January 1963, the Beatles release “Please Please Me” which shot up to No. 1 on the U.K. charts.  The Beatles followed a string of Top Ten hits in the U.K. during 1963 and became a touring sensation in Great Britain.

While the Beatles evolved and started to find their groove, back in the States, in 1960, Roy Orbison — you remember Roy Orbison — this article is about Roy Orbison — wrote and pitched “Only the Lonely” to Elvis Presley and the Everly Brothers.  After they each rejected the song, Orbison recorded it himself.  “Only the Lonely” charted out as No. 2 in the U.S. and No. 1 in the U.K. and Australia.  Between 1960 and 1963, Roy Orbison pumped out a series of hits including “Running Scared”, “Crying”, and “Dream Baby” which each raced up the charts in the U.S. and the U.K.  “Pretty Woman” was added to the mix.  By 1963, Roy Orbison was established both in the States and across the pond.

With their own freshly minted No. 1 songs now in hand in 1963, the Beatles planned a U.K. tour with Duane Eddy billed as the top performer.  Eddy was pulled from the tour with Roy Orbison asked to take on the top billing spot to tour with this new group, the Beatles.  Orbison arrived in England having never heard of the Beatles or their songs.  Roy and the Beatles met for the first time backstage before their first scheduled performance.

Orbison asked “What’s a Beatle, anyway?”  John Lennon tapped him on the shoulder and responded “I am”.  This interaction began the unlikely friendship between Roy Orbison and the Beatles.

The Beatles and Orbison discussed the order of performance for the show with Orbison stating that he would gladly play first and give “top billing” to the up and coming Beatles.  The Beatles watched in awe as Orbison, dressed in his trademark performance black clothes, strode to the center of the stage with his guitar and simply played and sang.  He did not move from the center stage position.  He did not dance around.  He just performed.  This approach was the antithesis from what the Beatles learned in Hamburg which demanded high energy and high volume songs.  After the tour, the Beatles remained amazed that Roy Orbison so captivated the crowd while simply standing still in one spot on the stage.

The audience roared with applause for Roy Orbison.  Orbison played encore after encore with the crowd chanting “We want Roy” every time he exited the stage.  After the fourteenth encore, John Lennon and George Harrison grabbed Orbison by the shoulders and told him that they would not let him go back out for a fifteenth encore as the Beatles had to get on the stage.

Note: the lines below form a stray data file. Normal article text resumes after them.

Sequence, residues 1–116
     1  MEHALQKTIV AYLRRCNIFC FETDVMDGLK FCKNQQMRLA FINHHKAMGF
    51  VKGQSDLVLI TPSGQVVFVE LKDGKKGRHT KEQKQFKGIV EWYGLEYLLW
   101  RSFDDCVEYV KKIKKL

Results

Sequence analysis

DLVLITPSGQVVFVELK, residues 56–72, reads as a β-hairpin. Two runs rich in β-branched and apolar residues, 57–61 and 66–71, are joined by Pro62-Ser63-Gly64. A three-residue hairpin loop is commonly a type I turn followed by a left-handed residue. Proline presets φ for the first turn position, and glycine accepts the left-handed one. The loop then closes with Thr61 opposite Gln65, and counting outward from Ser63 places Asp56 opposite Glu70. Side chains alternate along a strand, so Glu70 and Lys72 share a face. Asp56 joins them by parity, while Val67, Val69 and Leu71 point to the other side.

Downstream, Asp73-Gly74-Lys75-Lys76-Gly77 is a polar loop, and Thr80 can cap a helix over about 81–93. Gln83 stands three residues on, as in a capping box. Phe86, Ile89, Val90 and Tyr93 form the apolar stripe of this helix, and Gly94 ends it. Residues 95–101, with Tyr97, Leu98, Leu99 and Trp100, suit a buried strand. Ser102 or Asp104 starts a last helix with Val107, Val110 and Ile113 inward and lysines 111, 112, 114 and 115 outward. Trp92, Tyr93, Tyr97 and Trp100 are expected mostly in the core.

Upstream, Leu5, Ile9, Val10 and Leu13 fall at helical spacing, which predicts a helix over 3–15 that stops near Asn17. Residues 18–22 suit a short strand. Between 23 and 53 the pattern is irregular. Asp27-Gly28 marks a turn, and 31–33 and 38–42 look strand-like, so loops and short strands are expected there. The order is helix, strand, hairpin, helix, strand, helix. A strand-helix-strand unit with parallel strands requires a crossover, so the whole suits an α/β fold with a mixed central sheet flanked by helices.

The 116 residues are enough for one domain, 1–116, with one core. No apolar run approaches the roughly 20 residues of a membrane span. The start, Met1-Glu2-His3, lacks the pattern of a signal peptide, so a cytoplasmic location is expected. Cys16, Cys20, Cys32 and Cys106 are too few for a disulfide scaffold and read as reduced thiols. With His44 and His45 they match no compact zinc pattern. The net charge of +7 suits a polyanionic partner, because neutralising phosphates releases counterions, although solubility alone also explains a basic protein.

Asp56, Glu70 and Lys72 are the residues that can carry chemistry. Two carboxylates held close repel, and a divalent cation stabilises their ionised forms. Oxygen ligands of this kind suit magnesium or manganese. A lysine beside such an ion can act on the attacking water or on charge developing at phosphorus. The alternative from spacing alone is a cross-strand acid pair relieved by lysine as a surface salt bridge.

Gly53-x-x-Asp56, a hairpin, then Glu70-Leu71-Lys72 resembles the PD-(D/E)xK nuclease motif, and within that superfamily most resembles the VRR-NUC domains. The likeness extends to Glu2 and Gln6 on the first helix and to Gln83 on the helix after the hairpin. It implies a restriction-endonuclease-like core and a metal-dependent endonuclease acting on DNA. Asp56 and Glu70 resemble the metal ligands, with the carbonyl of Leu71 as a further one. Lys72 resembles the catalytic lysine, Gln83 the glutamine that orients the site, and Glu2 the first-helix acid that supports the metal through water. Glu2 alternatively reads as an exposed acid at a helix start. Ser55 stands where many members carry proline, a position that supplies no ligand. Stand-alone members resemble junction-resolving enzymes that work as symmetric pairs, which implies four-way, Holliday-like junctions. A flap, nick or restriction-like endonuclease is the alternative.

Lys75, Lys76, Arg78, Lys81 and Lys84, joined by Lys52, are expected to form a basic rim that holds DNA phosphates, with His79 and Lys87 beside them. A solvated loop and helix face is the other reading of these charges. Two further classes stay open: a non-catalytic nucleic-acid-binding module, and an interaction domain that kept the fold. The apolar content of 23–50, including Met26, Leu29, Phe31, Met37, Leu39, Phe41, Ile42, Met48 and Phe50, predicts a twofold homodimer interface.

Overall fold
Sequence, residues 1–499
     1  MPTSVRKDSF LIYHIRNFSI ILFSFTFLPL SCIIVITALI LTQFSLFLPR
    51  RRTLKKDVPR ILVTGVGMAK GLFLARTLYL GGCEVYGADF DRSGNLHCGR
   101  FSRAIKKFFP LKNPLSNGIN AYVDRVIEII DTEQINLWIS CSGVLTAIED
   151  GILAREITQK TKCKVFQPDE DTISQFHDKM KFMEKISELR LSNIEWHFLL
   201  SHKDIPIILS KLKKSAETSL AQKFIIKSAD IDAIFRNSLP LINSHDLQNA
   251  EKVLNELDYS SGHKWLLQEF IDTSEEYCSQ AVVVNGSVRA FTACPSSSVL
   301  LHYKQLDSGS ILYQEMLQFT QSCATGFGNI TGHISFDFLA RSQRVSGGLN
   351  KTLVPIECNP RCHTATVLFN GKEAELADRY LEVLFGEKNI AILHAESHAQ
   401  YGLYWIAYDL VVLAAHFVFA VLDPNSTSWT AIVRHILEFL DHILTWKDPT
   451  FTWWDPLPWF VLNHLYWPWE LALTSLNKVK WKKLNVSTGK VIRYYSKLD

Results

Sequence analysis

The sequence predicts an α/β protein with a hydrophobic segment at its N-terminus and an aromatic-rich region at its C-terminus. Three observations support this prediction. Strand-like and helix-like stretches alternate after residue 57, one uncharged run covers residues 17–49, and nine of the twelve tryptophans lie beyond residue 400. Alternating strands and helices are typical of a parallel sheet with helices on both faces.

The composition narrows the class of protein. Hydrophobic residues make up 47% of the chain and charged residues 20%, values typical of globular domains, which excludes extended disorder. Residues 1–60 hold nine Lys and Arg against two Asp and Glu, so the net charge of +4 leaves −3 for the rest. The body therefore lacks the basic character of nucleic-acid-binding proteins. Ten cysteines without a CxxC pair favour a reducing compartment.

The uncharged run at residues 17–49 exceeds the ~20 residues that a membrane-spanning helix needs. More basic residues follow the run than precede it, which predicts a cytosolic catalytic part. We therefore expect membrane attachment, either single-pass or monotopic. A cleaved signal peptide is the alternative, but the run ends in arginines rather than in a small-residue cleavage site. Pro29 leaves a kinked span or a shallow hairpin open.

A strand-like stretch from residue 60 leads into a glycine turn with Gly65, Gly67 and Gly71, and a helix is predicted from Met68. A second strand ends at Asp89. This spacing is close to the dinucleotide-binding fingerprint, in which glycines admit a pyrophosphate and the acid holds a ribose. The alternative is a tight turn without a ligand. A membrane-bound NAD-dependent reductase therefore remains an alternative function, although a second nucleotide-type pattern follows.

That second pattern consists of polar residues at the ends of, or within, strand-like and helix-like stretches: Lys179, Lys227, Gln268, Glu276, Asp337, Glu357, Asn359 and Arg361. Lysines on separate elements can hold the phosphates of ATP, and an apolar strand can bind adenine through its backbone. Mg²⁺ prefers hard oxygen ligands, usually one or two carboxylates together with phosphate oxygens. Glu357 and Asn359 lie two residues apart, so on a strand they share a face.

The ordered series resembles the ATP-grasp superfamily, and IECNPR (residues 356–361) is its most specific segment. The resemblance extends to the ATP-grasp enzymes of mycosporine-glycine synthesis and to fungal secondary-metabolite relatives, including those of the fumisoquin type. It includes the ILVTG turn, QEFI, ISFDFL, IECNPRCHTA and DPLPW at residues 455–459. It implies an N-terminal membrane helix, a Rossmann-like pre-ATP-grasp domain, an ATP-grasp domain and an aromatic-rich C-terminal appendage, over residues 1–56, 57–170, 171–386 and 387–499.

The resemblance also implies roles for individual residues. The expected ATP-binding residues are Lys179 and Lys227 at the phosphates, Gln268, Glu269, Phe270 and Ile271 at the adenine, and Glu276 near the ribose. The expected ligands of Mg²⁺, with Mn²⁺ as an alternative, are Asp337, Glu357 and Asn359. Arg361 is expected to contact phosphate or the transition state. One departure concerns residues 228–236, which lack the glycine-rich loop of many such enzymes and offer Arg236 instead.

During this tour, before one show, Orbison lost his black framed glasses.  He grabbed his dark prescription sunglasses, also set in large black frames, for his set and realized he liked using the sunglasses better with the spotlights.  Thereafter, Roy always performed with his dark sunglasses regardless of venue.

Bruce Springsteen inducted Roy Orbison into the Rock and Roll Hall of Fame in 1987.  In tribute, Springsteen concluded his speech as follows:  “I wanted a record with words like Bob Dylan that sounded like Phil Spector – but, most of all, I wanted to sing like Roy Orbison.  Now, everyone knows that no one sings like Roy Orbison.”  We all knew the incredible range of Roy Orbison’s voice.  Now we can better appreciate how Roy Orbison and George Harrison so easily teamed up in the Traveling Wilburys in the late 1980s.

I have learned with Estate Planning clients that everyone has their own story with unique and unexpected interactions during the journey of their lives.  Perhaps we do not have chart topping musical hits or perhaps we do not meet the Beatles.  Yet, these interactions and relationships remain important to us.  Some clients wish to utilize their estate plans to recognize special events or relationships in their lives.  Clients may memorialize such events with a modest distribution or donation to a deserving cause in the name of a special person.  The Will or Living Trust could simply include a statement of the importance of the underlying event.  For these clients, when we prepare to sign the myriad of documents in their Estate Plan, without failure inquire if these token or special gestures are properly included in their documents.  Events along the journey for each of us matter as does an article about Roy Orbison for my friend Dave.